Temporary Crack Repairs for Aluminum Structures on Surface Ships
Navy SBIR 2015.1 - Topic N151-052
NAVSEA - Mr. Dean Putnam - [email protected]
Opens: January 15, 2015 - Closes: February 25, 2015 6:00am ET

N151-052 TITLE: Temporary Crack Repairs for Aluminum Structures on Surface Ships

TECHNOLOGY AREAS: Ground/Sea Vehicles

ACQUISITION PROGRAM: SEA21, PMS400F Surface Combatant Program Office

OBJECTIVE: Develop a novel temporary repair solution for both sensitized and stress-cracked aluminum ship structures that arrests/retards crack growth, restores watertight boundaries, and which can be performed by the ship�s force.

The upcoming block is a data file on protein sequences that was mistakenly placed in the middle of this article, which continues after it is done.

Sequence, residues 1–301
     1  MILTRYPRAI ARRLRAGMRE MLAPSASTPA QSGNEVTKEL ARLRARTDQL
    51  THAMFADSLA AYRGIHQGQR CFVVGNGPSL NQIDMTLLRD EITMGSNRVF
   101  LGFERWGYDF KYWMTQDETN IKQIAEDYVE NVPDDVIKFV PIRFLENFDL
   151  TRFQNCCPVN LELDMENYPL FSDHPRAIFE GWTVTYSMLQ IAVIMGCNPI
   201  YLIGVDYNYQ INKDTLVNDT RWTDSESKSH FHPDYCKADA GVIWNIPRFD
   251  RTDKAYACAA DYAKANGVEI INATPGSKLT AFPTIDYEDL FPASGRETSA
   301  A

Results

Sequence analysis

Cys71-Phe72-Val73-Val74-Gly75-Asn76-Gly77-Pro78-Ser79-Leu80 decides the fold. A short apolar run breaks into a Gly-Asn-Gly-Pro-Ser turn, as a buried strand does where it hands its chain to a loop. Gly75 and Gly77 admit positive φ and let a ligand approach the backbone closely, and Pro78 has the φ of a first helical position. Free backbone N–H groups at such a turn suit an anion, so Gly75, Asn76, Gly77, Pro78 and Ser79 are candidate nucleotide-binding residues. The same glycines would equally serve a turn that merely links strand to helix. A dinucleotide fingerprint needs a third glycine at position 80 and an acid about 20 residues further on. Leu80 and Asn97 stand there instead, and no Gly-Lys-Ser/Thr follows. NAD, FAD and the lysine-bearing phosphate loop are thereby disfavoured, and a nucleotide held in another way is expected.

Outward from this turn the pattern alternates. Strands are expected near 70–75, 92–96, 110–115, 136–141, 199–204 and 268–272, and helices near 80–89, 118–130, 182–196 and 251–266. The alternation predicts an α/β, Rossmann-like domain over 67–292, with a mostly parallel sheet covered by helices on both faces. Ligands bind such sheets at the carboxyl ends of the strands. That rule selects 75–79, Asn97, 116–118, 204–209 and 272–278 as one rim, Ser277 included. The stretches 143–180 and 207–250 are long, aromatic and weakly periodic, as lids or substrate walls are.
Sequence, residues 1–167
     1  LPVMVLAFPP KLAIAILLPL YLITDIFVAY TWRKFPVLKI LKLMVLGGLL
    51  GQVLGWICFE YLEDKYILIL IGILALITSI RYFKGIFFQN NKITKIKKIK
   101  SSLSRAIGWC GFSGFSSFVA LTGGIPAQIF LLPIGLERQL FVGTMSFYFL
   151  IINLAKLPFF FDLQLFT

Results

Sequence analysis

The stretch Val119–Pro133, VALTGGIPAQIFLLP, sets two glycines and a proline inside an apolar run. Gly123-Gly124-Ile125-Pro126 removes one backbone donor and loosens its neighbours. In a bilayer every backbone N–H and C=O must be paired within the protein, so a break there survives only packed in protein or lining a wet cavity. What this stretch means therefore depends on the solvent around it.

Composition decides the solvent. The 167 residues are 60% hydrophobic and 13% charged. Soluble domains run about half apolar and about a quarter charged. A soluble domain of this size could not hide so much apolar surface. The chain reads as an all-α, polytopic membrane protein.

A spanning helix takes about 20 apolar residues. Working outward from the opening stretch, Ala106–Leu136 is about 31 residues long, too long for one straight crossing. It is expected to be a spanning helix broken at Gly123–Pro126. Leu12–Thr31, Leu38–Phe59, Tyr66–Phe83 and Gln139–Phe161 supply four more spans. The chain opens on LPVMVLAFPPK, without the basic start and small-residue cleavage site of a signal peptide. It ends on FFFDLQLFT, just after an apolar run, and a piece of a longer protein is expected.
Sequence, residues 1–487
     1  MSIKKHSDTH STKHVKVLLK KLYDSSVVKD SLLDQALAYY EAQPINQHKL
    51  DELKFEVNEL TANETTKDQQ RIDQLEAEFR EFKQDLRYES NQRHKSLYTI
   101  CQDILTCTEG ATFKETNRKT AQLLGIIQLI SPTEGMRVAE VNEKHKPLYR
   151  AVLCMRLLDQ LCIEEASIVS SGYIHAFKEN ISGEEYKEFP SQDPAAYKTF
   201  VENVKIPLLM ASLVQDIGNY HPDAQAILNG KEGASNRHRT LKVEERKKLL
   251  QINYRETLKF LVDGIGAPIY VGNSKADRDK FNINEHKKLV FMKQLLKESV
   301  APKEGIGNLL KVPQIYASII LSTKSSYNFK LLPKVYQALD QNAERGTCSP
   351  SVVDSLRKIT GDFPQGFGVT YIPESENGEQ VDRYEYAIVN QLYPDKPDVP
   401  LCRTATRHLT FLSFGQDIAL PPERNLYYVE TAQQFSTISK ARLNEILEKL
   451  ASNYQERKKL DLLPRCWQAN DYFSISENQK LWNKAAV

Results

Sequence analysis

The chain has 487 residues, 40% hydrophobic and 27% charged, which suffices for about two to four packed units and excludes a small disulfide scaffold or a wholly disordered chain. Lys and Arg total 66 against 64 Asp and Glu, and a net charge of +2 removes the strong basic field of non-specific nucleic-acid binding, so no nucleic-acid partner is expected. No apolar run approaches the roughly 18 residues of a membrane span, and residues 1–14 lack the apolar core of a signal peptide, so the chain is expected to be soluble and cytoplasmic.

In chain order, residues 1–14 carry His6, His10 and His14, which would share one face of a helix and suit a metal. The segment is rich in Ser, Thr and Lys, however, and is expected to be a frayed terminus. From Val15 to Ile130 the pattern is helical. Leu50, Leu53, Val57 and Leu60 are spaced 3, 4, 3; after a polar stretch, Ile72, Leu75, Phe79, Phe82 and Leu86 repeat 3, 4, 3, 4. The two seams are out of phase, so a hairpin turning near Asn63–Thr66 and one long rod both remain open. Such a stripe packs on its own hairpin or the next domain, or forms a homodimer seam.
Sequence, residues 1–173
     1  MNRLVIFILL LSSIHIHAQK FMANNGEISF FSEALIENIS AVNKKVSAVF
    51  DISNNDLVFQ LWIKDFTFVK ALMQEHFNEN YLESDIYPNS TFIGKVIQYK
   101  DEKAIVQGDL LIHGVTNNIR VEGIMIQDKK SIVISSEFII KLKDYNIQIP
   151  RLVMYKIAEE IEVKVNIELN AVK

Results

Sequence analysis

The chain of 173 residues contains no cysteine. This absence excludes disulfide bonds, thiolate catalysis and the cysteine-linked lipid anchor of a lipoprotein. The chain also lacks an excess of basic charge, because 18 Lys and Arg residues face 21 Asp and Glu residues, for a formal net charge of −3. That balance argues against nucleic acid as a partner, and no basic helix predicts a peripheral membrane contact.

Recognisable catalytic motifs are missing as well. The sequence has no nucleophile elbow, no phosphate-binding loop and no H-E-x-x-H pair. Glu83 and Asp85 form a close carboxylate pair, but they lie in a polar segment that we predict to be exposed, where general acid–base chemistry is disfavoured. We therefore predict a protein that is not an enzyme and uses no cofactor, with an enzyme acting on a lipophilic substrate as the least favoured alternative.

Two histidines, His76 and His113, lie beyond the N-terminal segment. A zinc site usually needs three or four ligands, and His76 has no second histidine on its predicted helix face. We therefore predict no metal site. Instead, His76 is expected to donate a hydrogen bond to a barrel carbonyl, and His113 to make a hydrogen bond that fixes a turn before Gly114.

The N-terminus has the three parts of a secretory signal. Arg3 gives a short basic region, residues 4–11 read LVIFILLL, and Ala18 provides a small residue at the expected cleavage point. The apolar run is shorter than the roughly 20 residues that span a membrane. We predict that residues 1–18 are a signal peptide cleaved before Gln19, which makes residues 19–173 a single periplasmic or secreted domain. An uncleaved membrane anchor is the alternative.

DESCRIPTION: There is a need for improved temporary repair technologies for United States (U.S.) Navy surface ships, available to the ship�s force or shipyard maintenance for immediate application to cracks identified on aluminum structures. Currently, permanent repairs of cracked and sensitized aluminum in naval ship structures requires damaged material to be cut out. Replacement material is then welded back into the cutout shape. Permanent repair can be too costly and time-consuming for the limited repair times available, or if damage is identified during a deployment. In these cases, temporary repair methods are often used. Current ship-force temporary repairs are designed to keep the interior dry, but do not prevent additional crack growth. Improved temporary repair technology would ideally help minimize permanent repairs by preventing additional crack growth.